There I was, minding my own business, happily watching the final session of the test match when out of the blue up pops ‘Moneyball’. Michael Atherton made reference to it and the broad sweep of the concept and suggested that one of the IPL owners had used it as a basis for his auction strategy. Can’t remember what team he cited so I don’t know if it was applied successfully, but if it was then perhaps this owner would be good enough to sit down with Billy Beane and tell him how it can work in Oakland.
No game more closely matches it’s statistical data than baseball and, fortunately, it’s still a long way from the actuality. A regular season of 162 games in 6 months, for a comparative data set it would take, even for T20 cricket, something approaching 5 years to compile and would still be far less a representation of a cricketer’s capability. What player is substantially the same player now that he was 5 years ago, I accept that there are a few who may have a reasonably steady plateau for a five year period somewhere between age 27 through to 34 but even this plateau would be based on very simple measures of average, strike rate, wickets taken and economy rate, as far as I am aware there is no equivalent of batting average for balls in play, range factor and even more esoteric Sabermetric calculations of a baseball player’s worth, for a cricketer’s worth?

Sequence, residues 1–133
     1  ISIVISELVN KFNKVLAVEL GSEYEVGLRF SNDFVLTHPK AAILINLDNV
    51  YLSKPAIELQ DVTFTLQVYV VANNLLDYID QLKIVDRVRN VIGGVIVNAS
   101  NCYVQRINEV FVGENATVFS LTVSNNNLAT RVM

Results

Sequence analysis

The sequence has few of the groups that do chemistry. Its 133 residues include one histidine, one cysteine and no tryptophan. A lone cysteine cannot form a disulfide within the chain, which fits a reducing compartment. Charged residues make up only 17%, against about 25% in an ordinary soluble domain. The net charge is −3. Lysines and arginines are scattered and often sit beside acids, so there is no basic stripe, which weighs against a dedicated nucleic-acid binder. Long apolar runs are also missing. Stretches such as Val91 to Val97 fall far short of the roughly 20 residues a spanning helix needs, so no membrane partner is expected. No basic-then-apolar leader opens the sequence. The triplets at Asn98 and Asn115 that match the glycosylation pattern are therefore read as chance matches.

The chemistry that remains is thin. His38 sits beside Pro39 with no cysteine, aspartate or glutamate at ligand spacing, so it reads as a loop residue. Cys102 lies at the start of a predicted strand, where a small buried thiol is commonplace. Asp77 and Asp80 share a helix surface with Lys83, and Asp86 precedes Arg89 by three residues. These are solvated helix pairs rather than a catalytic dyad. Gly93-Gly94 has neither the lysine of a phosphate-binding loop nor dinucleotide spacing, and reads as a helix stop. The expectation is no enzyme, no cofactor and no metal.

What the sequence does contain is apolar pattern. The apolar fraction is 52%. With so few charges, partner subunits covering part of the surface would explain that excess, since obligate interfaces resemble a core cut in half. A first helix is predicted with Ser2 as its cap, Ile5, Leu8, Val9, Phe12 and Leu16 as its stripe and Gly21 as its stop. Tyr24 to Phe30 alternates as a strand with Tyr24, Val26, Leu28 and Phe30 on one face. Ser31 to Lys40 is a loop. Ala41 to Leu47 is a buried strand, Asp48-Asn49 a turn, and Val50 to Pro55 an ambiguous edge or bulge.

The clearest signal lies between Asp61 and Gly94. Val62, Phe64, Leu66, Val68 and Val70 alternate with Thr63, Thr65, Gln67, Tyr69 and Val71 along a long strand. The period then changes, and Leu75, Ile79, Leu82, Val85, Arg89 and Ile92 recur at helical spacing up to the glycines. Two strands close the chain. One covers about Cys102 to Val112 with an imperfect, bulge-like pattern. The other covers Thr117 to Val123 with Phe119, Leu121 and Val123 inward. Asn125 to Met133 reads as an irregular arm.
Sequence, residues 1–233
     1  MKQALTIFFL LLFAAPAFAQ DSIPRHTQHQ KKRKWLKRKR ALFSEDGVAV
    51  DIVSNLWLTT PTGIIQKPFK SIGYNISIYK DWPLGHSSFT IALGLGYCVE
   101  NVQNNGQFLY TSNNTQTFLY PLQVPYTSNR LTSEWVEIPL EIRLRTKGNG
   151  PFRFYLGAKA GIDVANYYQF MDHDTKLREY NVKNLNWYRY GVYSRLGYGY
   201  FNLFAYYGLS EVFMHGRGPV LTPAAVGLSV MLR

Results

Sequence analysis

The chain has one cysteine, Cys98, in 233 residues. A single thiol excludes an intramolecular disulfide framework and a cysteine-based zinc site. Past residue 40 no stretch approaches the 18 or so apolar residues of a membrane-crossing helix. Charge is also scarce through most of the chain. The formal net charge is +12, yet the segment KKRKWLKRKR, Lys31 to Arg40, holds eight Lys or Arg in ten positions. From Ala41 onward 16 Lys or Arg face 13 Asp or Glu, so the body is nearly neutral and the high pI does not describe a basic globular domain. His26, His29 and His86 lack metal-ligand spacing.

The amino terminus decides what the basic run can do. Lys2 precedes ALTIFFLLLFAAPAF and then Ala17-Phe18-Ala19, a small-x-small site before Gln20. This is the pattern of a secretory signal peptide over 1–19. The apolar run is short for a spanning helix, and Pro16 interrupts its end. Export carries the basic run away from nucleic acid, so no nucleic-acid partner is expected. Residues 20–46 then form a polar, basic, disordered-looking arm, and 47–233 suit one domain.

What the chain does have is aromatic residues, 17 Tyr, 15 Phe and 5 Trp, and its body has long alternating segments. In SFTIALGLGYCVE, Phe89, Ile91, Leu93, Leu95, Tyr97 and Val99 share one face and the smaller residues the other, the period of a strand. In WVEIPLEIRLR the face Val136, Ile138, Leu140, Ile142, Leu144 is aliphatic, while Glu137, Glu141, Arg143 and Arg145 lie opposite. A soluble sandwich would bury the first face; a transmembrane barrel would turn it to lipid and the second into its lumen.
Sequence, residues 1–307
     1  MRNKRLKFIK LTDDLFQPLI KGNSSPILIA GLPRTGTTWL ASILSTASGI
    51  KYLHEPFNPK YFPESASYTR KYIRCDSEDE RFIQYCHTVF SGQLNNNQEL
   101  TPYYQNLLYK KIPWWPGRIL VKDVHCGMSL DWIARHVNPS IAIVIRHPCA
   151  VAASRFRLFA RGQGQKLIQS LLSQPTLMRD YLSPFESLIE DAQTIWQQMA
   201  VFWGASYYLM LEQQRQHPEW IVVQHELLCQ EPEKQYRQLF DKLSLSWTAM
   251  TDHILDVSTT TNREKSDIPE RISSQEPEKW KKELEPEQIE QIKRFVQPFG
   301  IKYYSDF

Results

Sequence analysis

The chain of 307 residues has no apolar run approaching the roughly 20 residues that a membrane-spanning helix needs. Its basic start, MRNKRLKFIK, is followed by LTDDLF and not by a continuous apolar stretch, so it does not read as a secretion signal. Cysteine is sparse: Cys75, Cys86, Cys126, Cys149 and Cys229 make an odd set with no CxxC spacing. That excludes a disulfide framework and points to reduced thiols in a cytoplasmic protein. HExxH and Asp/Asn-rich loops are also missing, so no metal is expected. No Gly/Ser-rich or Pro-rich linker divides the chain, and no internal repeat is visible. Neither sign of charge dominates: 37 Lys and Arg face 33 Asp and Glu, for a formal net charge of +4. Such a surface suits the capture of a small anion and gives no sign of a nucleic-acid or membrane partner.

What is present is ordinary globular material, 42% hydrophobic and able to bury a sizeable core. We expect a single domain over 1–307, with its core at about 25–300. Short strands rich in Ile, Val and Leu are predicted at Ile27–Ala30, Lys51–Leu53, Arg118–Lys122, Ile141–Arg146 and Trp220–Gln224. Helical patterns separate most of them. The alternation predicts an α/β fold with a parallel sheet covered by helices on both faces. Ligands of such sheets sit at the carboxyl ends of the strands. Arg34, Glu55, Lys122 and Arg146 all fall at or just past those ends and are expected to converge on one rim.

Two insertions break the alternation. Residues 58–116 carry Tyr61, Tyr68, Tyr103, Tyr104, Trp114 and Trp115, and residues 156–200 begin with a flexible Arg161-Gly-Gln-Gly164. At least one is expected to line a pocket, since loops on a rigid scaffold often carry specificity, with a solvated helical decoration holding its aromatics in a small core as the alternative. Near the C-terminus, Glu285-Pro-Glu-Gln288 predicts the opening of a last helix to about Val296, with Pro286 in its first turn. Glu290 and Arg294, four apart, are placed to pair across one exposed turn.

But this is not my beef with the ‘Moneyball’ being used in some fashion in cricket, if someone wants to try it, that’s fine. The problem I had was with Atherton’s inference that it was a proven concept, and he is not alone in this, but it does indicate that he is certainly not an Oakland A’s fan and probably not a baseball fan. The clue is there in the title, this is a book and a philosophy, if you will, about money first and baseball second. It has proved over the 12 years that Beane has been GM in Oakland to be a strategy for limited success at a limited price, just one ALCS appearance, and the highwater mark for ‘Moneyball’, losing 4-0, in 2005 with pitching from the likes of Haren, Zito, Harden, Blanton, Kennedy and Street with run support of 2.25 per game from a batting average of .221 and we have not had a winning season since that time or finished better than 3rd in the AL West. If the ‘Moneyball’ concept ever had any real merit, teams, other than Oakland, have taken it and subsumed it into their own culture and filtered out the dogmatic junk, dogma which seems to have become every bit as ingrained in Oakland as the wise words of the scouts, which grated so much with Beane, were before he became GM in 1998 and turned it all on it’s head.
I have no problem with people referencing ‘Moneyball’ as long as they understand what it is they are referencing; a strategy not for success, but for failure. It is not a strategy of towering intellect showing the hidebound traditionalists that they are no more than a bunch of spendthrift dolts, though this seems to be the shorthand use it has acquired.